One ex-associate put it another way. "To people who are unfavorable to them, they do whatever they can to commit character assassination," the ex-member said.
In a 1981 memo to members, LaRouche said the group should conduct "ruthless political campaigns" against its enemies. "We measure personal political performance by the number of enemies of humanity each region of the organization prodded into apoplectic fits that day."
"Since 1972, obedience to the NCLC National Caucus of Labor Committees leader has included carrying out . . . verbal and propaganda attacks on individuals and members of other groups LaRouche decided were his enemies," John Rees, who has been studying LaRouche for years, wrote in a report on the group in his newsletter. "First a series of vitriolic and obscene attacks would be unleashed in the LaRouche publications. There followed personal harassment in the form of midnight telephone calls, personal and photographic surveillances . . . telephone calls to friends and family members, picket lines at home and work, vexatious lawsuits and vandalism . . . . "
One man who says he has borne the wrath of LaRouche supporters is Dennis King, a Manhattan free-lance writer who has written extensively about the organization for six years. King declined to comment on the record about the alleged harassment, but he pointed to sworn statements that he has submitted in federal court cases.
Steinberg denied that the group harassed King but said King has urged people to harass LaRouche.
According to King's affidavits, the anonymous telephone calls started in 1979, soon after he started writing about LaRouche. Some threatened his life, he said. He estimated he has received 500 abusive or hang-up calls at home.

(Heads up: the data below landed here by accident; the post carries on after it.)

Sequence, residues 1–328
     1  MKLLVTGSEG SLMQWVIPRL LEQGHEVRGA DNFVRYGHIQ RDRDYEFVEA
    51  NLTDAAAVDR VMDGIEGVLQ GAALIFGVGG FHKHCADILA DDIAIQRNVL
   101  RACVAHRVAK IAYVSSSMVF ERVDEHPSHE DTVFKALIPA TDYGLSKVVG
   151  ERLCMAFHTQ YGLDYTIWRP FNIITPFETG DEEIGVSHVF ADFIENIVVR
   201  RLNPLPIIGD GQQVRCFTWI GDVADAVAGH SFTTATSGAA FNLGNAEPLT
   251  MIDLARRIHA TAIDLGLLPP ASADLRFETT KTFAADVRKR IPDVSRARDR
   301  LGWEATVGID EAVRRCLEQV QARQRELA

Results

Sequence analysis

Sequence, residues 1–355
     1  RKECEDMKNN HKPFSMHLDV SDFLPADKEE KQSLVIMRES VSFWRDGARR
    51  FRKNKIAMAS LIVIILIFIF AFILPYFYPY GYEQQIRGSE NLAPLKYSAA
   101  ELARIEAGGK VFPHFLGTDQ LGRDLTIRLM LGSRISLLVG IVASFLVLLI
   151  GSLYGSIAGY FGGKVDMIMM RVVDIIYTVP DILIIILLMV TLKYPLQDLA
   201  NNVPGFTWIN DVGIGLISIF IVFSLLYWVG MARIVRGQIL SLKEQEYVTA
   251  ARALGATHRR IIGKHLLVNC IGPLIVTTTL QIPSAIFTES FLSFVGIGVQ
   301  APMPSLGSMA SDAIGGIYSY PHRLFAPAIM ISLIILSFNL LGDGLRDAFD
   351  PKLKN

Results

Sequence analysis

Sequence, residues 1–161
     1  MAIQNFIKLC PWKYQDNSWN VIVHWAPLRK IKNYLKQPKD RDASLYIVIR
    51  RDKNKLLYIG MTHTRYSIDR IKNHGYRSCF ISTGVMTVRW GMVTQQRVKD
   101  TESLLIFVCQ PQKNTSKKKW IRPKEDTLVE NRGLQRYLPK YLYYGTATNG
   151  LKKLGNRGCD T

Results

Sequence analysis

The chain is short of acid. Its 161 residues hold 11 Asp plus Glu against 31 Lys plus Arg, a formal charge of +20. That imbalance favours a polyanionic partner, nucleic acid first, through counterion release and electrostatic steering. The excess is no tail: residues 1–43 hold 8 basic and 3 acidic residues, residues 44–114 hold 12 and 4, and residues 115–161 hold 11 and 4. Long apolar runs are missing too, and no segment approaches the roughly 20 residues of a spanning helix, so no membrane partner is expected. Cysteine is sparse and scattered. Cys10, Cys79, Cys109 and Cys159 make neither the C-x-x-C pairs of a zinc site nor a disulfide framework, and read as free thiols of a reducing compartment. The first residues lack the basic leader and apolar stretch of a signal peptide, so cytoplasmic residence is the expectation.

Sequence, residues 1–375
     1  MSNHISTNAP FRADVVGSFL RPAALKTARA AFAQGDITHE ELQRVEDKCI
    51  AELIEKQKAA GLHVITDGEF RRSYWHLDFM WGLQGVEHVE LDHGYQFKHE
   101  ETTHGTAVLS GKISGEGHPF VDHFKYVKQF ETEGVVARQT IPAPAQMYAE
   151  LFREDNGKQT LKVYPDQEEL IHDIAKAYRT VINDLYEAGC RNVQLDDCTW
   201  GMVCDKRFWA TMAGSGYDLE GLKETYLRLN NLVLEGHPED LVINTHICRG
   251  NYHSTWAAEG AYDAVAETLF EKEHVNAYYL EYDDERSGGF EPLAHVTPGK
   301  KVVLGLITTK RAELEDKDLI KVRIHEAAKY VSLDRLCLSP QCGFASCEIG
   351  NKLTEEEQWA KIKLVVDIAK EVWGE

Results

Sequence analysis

Leaflets handed out in New York around that time said the publisher of the newspaper he was then working for was a criminal and that its lawyer was a homosexual, King said. LaRouche publications accused all three of being drug pushers, and at least one article contained King's address and phone number, King said.
On Oct. 14, 1980, King said he received a telephone call threatening him with homosexual rape and murder. The caller also described how King was to be tied to a lamppost and beaten with a baseball bat.
On Feb. 20 1984, a LaRouche publication, New Solidarity, ran an article entitled, "Will Dennis King Come out of the Closet?" King said. Copies were left throughout his apartment building, he said.
The harassment extended to members of his family, King's affidavit said. In November 1980, the employers of King's father, then 79, received letters urging that the father be fired, an affidavit said. His father and other members of the family received numerous anonymous telephone calls about him, King said. The callers said King would be murdered.